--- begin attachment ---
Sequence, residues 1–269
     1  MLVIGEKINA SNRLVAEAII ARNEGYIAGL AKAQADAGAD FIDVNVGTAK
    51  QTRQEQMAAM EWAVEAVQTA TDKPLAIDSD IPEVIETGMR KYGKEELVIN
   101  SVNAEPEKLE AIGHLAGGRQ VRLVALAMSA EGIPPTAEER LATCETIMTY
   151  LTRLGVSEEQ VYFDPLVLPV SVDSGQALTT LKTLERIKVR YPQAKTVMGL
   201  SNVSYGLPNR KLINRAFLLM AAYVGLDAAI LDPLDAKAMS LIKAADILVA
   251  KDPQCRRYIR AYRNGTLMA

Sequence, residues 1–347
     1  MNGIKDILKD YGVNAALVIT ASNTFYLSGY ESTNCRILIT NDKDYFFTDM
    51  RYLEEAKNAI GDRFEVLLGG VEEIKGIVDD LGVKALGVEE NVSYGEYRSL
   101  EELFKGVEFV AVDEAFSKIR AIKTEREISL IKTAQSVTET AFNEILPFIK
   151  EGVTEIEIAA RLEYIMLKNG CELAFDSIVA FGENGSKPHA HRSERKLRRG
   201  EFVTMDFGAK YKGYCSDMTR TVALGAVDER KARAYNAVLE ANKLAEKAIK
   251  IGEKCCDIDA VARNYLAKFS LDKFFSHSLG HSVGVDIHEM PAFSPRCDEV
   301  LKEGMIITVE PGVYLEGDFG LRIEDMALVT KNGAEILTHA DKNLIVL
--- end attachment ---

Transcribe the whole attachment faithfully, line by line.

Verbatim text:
Sequence, residues 1–269
     1  MLVIGEKINA SNRLVAEAII ARNEGYIAGL AKAQADAGAD FIDVNVGTAK
    51  QTRQEQMAAM EWAVEAVQTA TDKPLAIDSD IPEVIETGMR KYGKEELVIN
   101  SVNAEPEKLE AIGHLAGGRQ VRLVALAMSA EGIPPTAEER LATCETIMTY
   151  LTRLGVSEEQ VYFDPLVLPV SVDSGQALTT LKTLERIKVR YPQAKTVMGL
   201  SNVSYGLPNR KLINRAFLLM AAYVGLDAAI LDPLDAKAMS LIKAADILVA
   251  KDPQCRRYIR AYRNGTLMA

Sequence, residues 1–347
     1  MNGIKDILKD YGVNAALVIT ASNTFYLSGY ESTNCRILIT NDKDYFFTDM
    51  RYLEEAKNAI GDRFEVLLGG VEEIKGIVDD LGVKALGVEE NVSYGEYRSL
   101  EELFKGVEFV AVDEAFSKIR AIKTEREISL IKTAQSVTET AFNEILPFIK
   151  EGVTEIEIAA RLEYIMLKNG CELAFDSIVA FGENGSKPHA HRSERKLRRG
   201  EFVTMDFGAK YKGYCSDMTR TVALGAVDER KARAYNAVLE ANKLAEKAIK
   251  IGEKCCDIDA VARNYLAKFS LDKFFSHSLG HSVGVDIHEM PAFSPRCDEV
   301  LKEGMIITVE PGVYLEGDFG LRIEDMALVT KNGAEILTHA DKNLIVL